public String getScheme()

public String getSchemeSpecificPart()

public String getRawSchemeSpecificPart()

public String getFragment()

public String getRawFragment()

These methods all return null if the particular URI object does not have the relevant component: for example, a relative URI without a scheme or an http URI without a fragment identifier.

A URI that has a scheme is an absolute URI. A URI without a scheme is relative. The isAbsolute() method returns true if the URI is absolute, false if it’s relative:

public boolean isAbsolute()

The details of the scheme-specific part vary depending on the type of the scheme. For example, in a tel URL, the scheme-specific part has the syntax of a telephone number. However, in many useful URIs, including the very common file and http URLs, the scheme-specific part has a particular hierarchical format divided into an authority, a path, and a query string. The authority is further divided into user info, host, and port. The isOpaque() method returns false if the URI is hierarchical, true if it’s not hierarchical—that is, if it’s opaque:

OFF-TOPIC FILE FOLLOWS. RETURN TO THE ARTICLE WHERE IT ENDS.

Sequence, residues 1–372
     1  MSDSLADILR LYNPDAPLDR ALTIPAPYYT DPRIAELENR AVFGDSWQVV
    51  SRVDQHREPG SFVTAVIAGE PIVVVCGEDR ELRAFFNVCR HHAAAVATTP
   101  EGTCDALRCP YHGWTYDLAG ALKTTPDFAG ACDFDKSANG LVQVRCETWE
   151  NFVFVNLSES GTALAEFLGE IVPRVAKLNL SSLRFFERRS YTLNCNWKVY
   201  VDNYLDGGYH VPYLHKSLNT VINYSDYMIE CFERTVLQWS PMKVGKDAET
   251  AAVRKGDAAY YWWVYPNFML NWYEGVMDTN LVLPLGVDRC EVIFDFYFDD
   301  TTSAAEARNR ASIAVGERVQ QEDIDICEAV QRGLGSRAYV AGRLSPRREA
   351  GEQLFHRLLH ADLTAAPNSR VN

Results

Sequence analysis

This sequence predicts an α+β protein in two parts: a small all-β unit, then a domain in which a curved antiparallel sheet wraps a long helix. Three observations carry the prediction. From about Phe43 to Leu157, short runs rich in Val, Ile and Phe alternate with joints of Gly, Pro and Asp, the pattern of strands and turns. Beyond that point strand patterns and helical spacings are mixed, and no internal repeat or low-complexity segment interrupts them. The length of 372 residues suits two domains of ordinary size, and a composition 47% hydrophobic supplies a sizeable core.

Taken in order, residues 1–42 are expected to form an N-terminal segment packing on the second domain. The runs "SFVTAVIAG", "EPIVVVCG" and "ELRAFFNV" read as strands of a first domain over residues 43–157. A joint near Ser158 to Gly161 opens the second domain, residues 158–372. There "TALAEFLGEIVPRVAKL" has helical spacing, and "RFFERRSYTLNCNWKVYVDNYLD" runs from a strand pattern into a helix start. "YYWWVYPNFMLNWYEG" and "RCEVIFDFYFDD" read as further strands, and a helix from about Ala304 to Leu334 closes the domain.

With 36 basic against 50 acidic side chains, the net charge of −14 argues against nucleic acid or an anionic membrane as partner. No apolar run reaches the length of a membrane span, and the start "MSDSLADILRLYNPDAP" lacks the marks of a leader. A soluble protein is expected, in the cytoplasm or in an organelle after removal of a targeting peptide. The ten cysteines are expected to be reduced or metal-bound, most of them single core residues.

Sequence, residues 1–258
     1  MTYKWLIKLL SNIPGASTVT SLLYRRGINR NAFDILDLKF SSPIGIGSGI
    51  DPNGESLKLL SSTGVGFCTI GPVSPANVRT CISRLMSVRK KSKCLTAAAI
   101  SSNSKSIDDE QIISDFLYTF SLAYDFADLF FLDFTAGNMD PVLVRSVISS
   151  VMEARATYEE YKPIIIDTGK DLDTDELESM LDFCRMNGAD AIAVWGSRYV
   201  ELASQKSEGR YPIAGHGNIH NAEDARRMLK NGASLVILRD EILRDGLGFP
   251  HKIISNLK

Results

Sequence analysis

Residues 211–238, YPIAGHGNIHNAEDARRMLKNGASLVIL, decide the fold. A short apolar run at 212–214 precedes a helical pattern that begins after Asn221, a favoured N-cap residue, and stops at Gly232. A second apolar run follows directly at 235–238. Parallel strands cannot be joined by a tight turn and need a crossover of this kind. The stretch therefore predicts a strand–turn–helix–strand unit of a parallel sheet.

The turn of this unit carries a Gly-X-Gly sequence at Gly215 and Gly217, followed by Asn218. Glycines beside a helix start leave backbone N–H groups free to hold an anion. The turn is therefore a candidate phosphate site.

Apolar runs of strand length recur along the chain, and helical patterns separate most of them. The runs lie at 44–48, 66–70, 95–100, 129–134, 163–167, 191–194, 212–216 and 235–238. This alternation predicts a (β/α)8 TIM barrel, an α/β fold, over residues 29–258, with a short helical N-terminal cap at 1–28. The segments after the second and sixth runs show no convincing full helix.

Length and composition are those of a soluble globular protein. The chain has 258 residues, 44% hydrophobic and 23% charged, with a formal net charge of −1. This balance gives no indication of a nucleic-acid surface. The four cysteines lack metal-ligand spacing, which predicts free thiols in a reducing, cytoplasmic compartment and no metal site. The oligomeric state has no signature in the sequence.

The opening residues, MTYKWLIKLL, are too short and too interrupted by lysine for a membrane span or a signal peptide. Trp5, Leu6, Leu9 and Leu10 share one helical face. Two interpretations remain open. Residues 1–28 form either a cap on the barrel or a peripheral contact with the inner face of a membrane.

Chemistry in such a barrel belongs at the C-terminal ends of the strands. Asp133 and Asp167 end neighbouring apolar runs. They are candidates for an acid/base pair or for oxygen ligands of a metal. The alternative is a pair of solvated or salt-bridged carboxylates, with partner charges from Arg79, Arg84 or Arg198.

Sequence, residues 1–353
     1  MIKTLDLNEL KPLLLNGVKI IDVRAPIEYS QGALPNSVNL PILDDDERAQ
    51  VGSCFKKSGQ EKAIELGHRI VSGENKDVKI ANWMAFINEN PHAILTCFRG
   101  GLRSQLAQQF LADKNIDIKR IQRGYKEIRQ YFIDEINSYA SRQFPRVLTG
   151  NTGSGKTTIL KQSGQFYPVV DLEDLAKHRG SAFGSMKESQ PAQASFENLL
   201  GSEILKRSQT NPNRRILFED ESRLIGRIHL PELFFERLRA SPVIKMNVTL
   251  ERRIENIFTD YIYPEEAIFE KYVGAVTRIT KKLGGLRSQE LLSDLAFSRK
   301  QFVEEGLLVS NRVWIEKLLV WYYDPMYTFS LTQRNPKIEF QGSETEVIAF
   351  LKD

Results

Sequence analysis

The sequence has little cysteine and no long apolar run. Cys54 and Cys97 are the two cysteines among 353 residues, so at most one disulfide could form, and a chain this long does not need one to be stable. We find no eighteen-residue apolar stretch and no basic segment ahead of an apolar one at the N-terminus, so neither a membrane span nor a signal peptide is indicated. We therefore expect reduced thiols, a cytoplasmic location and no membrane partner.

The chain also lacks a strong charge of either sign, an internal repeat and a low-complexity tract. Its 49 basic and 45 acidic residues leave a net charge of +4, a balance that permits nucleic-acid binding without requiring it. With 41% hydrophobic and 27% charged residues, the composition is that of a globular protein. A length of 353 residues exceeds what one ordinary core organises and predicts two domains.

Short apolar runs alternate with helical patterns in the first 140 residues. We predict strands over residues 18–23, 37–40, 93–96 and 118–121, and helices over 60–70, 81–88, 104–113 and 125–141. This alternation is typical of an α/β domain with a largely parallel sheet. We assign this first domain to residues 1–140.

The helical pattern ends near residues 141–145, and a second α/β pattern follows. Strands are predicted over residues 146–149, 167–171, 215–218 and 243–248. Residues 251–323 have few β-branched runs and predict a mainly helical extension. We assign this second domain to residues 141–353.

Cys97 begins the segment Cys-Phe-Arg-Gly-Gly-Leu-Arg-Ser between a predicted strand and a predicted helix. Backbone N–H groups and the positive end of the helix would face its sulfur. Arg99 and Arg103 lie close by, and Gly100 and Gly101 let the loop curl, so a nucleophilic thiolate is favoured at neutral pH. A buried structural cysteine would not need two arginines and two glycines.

public boolean isOpaque()

If the URI is opaque, all you can get is the scheme, scheme-specific part, and fragment identifier. However, if the URI is hierarchical, there are getter methods for all the different parts of a hierarchical URI:

public String getAuthority()
public String getFragment()
public String getHost()
public String getPath()
public String getPort()
public String getQuery()
public String getUserInfo()

These methods all return the decoded parts; in other words, percent escapes, such as %3C, are changed into the characters they represent, such as <. If you want the raw, encoded parts of the URI, there are five parallel getRaw_Foo_() methods:

public String getRawAuthority()
public String getRawFragment()
public String getRawPath()
public String getRawQuery()
public String getRawUserInfo()

Remember the URI class differs from the URI specification in that non-ASCII characters such as é and ü are never percent escaped in the first place, and thus will still be present in the strings returned by the getRawFoo() methods unless the strings originally used to construct the URI object were encoded. For various technical reasons that don’t have a lot of practical impact, Java can’t always initially detect syntax errors in the authority component. The immediate symptom of this failing is normally an inability to return the individual parts of the authority, port, host, and user info. In this event, you can call parseServerAuthority() to force the authority to be reparsed: